Yes, you are right in that but I haven't been doing too much reading other than my old favourites. I plan to rectify that at the earliest.

I think there is something of a genre-creation happening in the Indian literary scene and publishers are open to books that don't fall into traditional genres.

Both your books are contemporary fiction, do you want to continue in this space itself or would you like to diversify in different genres as well? Which would be your preferred one if you think of doing so?

I am open to writing everything - mysteries, travel, non-fiction.

Who among these - the one protagonist in 'Bringing up Vasu' and two in 'By the water cooler', defines you closely as a person ?

None and both, I would say. There is a bit of me in each and every character that I have written about but they are not all me.

Would you like to share any potential pitfalls of this world with the aspiring authors ? Any suggestions?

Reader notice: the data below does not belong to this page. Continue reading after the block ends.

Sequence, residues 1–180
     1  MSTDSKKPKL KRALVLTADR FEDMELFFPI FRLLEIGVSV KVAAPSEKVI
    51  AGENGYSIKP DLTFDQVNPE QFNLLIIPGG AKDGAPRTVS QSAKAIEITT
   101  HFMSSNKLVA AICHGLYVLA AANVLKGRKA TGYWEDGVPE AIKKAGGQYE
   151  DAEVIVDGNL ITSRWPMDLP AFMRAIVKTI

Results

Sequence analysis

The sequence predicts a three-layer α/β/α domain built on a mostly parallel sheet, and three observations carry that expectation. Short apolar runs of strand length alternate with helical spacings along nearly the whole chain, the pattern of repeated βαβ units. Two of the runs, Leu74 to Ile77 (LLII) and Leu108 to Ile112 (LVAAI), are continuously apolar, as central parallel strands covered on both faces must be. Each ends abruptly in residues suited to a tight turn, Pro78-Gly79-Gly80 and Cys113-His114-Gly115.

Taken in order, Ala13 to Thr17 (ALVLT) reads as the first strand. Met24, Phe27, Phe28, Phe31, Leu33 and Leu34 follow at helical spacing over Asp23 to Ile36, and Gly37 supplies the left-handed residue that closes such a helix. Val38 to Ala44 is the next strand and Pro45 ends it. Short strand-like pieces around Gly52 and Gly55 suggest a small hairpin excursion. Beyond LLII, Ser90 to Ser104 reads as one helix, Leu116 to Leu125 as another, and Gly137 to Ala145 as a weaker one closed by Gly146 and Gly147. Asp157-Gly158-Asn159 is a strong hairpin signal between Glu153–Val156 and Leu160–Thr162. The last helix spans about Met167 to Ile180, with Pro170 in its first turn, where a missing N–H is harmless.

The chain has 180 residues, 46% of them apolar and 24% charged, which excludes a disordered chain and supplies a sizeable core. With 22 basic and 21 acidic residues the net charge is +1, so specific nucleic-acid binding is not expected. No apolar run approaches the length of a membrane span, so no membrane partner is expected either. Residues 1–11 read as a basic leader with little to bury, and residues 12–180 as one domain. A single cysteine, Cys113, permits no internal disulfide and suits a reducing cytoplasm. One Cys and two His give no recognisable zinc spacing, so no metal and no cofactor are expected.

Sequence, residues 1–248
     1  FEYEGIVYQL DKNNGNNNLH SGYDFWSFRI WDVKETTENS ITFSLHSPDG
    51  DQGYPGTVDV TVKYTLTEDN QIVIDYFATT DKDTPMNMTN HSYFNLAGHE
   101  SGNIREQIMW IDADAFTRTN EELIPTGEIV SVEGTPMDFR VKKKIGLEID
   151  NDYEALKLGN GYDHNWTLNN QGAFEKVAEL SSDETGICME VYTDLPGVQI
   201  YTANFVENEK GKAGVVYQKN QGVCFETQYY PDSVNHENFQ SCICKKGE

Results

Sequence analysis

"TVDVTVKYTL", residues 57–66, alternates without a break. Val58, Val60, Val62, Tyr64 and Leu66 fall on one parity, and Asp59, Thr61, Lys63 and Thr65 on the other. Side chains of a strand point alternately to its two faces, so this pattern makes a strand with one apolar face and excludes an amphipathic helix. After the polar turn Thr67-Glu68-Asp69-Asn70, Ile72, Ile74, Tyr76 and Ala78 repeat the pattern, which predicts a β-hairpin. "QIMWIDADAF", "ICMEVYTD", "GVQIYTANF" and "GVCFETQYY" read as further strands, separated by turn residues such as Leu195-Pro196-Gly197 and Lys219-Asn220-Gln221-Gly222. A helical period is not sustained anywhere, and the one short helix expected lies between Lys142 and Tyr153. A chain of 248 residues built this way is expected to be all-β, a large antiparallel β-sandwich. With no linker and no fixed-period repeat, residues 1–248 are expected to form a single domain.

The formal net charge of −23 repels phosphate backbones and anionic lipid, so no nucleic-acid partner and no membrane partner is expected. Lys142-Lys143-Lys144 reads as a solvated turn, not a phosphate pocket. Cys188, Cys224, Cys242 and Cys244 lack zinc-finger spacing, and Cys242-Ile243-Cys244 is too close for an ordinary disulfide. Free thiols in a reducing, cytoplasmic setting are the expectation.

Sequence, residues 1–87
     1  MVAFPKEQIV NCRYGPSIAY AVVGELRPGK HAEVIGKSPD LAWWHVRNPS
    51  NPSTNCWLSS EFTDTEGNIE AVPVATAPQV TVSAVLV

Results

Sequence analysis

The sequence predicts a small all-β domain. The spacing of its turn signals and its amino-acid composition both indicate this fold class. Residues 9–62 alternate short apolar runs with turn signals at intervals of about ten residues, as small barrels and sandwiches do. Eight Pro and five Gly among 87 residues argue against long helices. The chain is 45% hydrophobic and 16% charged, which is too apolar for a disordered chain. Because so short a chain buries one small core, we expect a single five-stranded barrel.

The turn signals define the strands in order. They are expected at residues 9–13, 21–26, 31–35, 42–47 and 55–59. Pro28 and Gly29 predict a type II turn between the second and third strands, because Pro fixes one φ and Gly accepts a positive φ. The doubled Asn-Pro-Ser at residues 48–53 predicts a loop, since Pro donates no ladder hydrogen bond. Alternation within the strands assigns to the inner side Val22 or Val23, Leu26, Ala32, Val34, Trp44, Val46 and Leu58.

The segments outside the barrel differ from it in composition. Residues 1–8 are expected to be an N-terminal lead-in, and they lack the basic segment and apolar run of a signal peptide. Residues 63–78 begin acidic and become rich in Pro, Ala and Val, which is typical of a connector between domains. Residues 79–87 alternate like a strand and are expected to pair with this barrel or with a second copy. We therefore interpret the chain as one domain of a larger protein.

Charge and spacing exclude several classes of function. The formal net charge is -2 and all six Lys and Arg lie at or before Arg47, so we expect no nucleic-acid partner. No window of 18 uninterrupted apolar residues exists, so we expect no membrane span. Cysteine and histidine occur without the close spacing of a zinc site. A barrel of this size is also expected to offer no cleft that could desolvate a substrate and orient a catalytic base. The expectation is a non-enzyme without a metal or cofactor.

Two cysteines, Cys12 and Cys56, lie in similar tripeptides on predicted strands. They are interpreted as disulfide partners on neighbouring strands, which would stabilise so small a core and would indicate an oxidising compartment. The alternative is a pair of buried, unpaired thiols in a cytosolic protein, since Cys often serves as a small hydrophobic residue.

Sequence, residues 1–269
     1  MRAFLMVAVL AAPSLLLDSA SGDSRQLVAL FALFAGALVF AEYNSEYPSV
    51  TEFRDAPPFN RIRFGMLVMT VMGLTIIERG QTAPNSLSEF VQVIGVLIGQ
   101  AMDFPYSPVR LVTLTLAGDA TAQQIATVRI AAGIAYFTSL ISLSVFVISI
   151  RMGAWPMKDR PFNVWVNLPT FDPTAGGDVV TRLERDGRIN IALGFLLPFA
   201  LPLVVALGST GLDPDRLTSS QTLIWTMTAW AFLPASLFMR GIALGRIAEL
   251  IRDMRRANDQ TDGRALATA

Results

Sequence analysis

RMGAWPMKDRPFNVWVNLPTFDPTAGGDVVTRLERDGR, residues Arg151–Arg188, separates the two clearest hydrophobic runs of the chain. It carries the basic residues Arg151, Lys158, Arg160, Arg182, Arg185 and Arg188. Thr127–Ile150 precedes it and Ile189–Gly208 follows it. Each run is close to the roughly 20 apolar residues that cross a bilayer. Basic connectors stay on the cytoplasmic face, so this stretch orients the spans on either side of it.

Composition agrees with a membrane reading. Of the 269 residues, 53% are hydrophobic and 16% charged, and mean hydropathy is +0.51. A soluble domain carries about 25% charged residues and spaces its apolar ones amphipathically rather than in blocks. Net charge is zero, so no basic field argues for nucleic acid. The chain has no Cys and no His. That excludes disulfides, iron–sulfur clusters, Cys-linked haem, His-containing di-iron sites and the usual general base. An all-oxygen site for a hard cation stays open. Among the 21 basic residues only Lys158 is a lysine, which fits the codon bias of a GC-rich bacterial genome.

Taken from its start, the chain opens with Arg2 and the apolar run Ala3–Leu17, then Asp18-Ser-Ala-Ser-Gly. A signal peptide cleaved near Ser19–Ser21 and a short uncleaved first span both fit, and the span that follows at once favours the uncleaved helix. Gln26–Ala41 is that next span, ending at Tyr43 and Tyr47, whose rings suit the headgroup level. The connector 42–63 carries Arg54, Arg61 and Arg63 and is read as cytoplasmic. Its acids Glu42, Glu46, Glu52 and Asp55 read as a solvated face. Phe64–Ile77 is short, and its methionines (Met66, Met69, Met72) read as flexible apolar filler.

Oh but I don't think I have reached a place where I can offer advice to others. I'd say, read 'On Writing' by Stephen King. He says it all.

Book Review : By The Water Cooler

Title : By The Water Cooler

Author : Parul Sharma

Publisher : Westland

ISBN : 978-93-80658-37-7

Mini and Tanya are good friends who - studied together, left their previous jobs in an ad agency and are about to commence a new phase of their career in a fashion house - JR Enterprises. They begin their first day in the new place with stars in their eyes and hopes to have a promising career. But within the first day, the reality comes crashing down to them and their dream turns into nothing less than a far fetched one. The HR manager who hired them gets fired on their induction day and CEO is a conceited, egoistic person who hunts for the opportunities to make his employees know how dimwitted they are and how they are nothing but big recruitment errors. To top it all Mini's boss Shipra takes keen pleasure in trying every possible way to wreck Mini's career.